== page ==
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Day 10: Through Sela Pass to Dirang

That morning I was contacted by the Sumo driver. Although Sumos from Tawang to Bomdila usually left at 6:30 am, the one in which I had booked a seat was delayed due to the cold. He asked me to wait in front of Laxmi Hotel at Jang. The Sumo would anyways stop for breakfast there. Later, while crossing Jang checkpost, the military man in charge of the books checked the passengers asked me when I had entered Tawang and using what mode of transport. Even at this point he didn’t check for any documents.

One of my co-passengers was Sonam Tsering. He was headed towards Dirang for his marriage. He used to be a Lama once but gave up monastic lifestyle some six years ago. Unlike most families and most monasteries in that region who are followers of the Gelug sect of Tibetan Buddhism (the one that belongs to Dalai Lama), his family belonged to the Nyingma sect. Apparently, a Nyingma monk can perform rituals in a Gelug household but not the other way around. He kept telling me how he wanted to go back to being a lama but would have to join a different monastery—the monastery he had defected from wouldn’t take him in. There weren’t that many Nyingma Monasteries in Arunachal for him to return to. Maybe it was his pre-wedding nervousness talking.

Sela Pass lies on the border of Tawang and West Kameng district. The place has a lake and It is one of those places that most tourists visiting Tawang stop at. I had earlier considered an option of hiring a car from Jang or Dirang to visit this place. Fortunately, our Sumo driver stopped at Sela to buy a can of diesel from one of the tea shops. (These roadside tea shops stock fuel and sell them for a slightly higher price.) Sonam and I got down to look around while the other passengers stayed inside. I was happy that I did not have to plan a separate trip to visit Sela pass.

Sela Lake is on the Tawang side. Ice had formed on the northern side of the lake. This lake will become frozen in the coming months.
Sela Lake as viewed from the pass.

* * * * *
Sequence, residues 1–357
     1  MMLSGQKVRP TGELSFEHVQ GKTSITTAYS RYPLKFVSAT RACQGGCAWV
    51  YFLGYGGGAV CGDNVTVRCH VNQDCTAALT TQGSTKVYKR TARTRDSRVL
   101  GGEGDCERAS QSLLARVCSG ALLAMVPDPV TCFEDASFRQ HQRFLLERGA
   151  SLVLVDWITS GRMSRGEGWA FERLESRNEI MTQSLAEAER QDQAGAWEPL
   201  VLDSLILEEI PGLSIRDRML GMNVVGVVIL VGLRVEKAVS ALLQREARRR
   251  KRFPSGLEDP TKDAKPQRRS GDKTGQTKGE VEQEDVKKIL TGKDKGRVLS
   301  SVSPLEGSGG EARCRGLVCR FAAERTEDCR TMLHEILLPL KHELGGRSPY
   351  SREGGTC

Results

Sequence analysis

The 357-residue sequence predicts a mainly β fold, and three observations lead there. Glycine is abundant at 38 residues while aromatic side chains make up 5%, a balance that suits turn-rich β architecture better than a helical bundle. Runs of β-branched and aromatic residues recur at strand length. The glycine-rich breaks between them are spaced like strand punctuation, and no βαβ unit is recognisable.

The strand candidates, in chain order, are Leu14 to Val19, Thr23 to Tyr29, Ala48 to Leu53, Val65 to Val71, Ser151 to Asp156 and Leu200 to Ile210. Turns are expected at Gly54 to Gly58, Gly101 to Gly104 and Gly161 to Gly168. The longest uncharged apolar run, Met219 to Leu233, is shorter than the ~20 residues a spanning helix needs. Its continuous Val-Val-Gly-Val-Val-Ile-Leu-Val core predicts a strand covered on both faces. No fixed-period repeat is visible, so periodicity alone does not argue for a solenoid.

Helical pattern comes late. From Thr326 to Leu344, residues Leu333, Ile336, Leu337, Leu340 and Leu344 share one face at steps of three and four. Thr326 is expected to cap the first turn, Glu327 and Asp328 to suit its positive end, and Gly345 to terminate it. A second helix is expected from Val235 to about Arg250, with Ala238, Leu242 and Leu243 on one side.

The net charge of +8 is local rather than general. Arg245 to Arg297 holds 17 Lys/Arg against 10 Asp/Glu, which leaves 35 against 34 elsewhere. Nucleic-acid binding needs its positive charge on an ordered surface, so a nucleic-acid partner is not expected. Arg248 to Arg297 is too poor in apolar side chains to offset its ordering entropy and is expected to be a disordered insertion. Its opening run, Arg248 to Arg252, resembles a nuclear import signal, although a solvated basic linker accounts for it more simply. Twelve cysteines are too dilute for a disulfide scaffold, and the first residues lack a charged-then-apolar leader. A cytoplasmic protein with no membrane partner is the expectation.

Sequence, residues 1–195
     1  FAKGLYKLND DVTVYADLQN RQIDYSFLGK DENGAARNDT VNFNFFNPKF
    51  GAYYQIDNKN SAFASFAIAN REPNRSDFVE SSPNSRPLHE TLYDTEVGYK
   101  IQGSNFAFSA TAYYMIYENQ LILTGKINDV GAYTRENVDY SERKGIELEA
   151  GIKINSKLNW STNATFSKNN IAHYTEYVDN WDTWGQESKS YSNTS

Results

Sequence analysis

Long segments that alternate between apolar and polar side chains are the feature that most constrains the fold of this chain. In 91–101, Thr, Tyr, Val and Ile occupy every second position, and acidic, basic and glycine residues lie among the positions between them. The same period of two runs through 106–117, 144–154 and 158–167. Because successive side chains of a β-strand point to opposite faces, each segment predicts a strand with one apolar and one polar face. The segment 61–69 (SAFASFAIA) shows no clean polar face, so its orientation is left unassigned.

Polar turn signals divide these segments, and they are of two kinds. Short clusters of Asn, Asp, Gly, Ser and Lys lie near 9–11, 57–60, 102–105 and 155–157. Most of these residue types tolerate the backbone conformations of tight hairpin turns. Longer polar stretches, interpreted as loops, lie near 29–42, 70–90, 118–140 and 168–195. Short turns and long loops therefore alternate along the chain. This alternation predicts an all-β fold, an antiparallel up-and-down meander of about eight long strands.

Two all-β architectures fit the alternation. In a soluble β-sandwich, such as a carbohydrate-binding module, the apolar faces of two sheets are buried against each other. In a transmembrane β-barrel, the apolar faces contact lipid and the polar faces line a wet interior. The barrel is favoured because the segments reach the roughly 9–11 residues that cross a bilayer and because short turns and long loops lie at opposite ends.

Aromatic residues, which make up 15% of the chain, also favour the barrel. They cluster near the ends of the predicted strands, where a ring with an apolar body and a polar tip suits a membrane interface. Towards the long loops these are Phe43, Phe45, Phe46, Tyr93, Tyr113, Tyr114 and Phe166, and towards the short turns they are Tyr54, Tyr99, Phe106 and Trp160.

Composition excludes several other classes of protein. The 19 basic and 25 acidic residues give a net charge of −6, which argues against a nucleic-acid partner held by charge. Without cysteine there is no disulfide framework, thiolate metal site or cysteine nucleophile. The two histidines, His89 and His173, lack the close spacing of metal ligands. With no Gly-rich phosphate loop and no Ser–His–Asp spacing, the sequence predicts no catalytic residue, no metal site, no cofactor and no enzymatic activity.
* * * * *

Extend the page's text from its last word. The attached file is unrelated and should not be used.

At 13,700 feet, the winds of winter are cold enough to freeze any exposed part of the body. I wasn’t wearing any gloves and my fingers became stiff to operate my camera or phone.

Sonam clicked this image of me in front of the Sela Pass gate.
Signboards. All for the tourists.
Om mani padme hum [1]” painted on the rocks at Sela Pass.
Clouds obscured the view of the valley below.

Phurpa had promised that his younger brother Dawa would come pick me up at Dirang. Unfortunately, when I got down, Dawa was had gone to his village—one I would eventually visit. He recommended me Hotel Snow Lion in Dirang market. When I reached near the reception, there wasn’t any one around. Also the place looked slightly expensive. In a backpacking trip it is important to minimise any lodging expenses—the time spent in a hotel room is pretty less. As long as the place is clean, I’m fine. Occasionally, I have compromised on cleanliness for convenience—like in Tezpur. I walked out and went to the next lodging place across the road—Hotel Womaling. It was a better decision as the owner lady was very friendly and she gave me a nice—albeit small—double bed room for INR 600.

Dirang market. This crossroad is known as charnaala which literally means four roads.

I met Dawa a couple of hours later. He was 21 years old and drove around in a beat-up Frankenstein Pulsar—both of which were about to become my companion for the next three days. We had some snacks at a shop in the market where I asked Dawa if I could find any chaang—a locally-brewed beer. Dawa mentioned that the farmers usually prepared a brew from maize called baang-chaang that had low alcohol content and distilled it further to extract an aarak with higher proof. I wanted to have some sometimes later but didn’t expect him to get some that evening itself! We had a couple of small glasses of the maize baang-chaang. It was very sweet with some amount of pungency from the fermentation process. In the coming days, while travelling as a pillion rider on Dawa’s Frankenstein Pulsar, I would come across villagers boiling maize in large vessels to prepare this baang-chaang.

Maize baang-chaang. Baang-chaang in general refers to this low-alcohol drink that can also be prepared from rice, millets, and barley.
Day 11: Dirang Monastery and Mandala Top [2]
Day 9: Jang [3]